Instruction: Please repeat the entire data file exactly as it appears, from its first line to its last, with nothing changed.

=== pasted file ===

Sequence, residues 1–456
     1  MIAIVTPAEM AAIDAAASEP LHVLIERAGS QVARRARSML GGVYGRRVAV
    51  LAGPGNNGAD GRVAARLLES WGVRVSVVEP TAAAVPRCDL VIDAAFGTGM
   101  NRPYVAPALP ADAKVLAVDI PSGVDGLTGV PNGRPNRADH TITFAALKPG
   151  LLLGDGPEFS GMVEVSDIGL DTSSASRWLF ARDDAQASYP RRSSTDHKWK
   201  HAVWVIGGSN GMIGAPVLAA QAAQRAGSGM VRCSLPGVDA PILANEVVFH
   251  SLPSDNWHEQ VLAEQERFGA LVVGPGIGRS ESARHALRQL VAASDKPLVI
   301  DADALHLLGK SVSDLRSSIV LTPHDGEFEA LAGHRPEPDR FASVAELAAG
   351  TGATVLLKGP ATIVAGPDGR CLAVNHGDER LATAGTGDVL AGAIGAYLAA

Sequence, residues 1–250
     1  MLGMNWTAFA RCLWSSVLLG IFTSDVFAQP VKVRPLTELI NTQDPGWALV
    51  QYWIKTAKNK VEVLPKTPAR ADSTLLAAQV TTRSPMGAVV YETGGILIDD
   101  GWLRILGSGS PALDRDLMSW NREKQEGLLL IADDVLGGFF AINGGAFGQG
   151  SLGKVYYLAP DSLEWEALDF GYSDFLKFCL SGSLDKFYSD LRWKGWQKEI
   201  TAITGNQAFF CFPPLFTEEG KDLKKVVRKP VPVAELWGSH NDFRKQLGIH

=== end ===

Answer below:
Sequence, residues 1–456
     1  MIAIVTPAEM AAIDAAASEP LHVLIERAGS QVARRARSML GGVYGRRVAV
    51  LAGPGNNGAD GRVAARLLES WGVRVSVVEP TAAAVPRCDL VIDAAFGTGM
   101  NRPYVAPALP ADAKVLAVDI PSGVDGLTGV PNGRPNRADH TITFAALKPG
   151  LLLGDGPEFS GMVEVSDIGL DTSSASRWLF ARDDAQASYP RRSSTDHKWK
   201  HAVWVIGGSN GMIGAPVLAA QAAQRAGSGM VRCSLPGVDA PILANEVVFH
   251  SLPSDNWHEQ VLAEQERFGA LVVGPGIGRS ESARHALRQL VAASDKPLVI
   301  DADALHLLGK SVSDLRSSIV LTPHDGEFEA LAGHRPEPDR FASVAELAAG
   351  TGATVLLKGP ATIVAGPDGR CLAVNHGDER LATAGTGDVL AGAIGAYLAA

Sequence, residues 1–250
     1  MLGMNWTAFA RCLWSSVLLG IFTSDVFAQP VKVRPLTELI NTQDPGWALV
    51  QYWIKTAKNK VEVLPKTPAR ADSTLLAAQV TTRSPMGAVV YETGGILIDD
   101  GWLRILGSGS PALDRDLMSW NREKQEGLLL IADDVLGGFF AINGGAFGQG
   151  SLGKVYYLAP DSLEWEALDF GYSDFLKFCL SGSLDKFYSD LRWKGWQKEI
   201  TAITGNQAFF CFPPLFTEEG KDLKKVVRKP VPVAELWGSH NDFRKQLGIH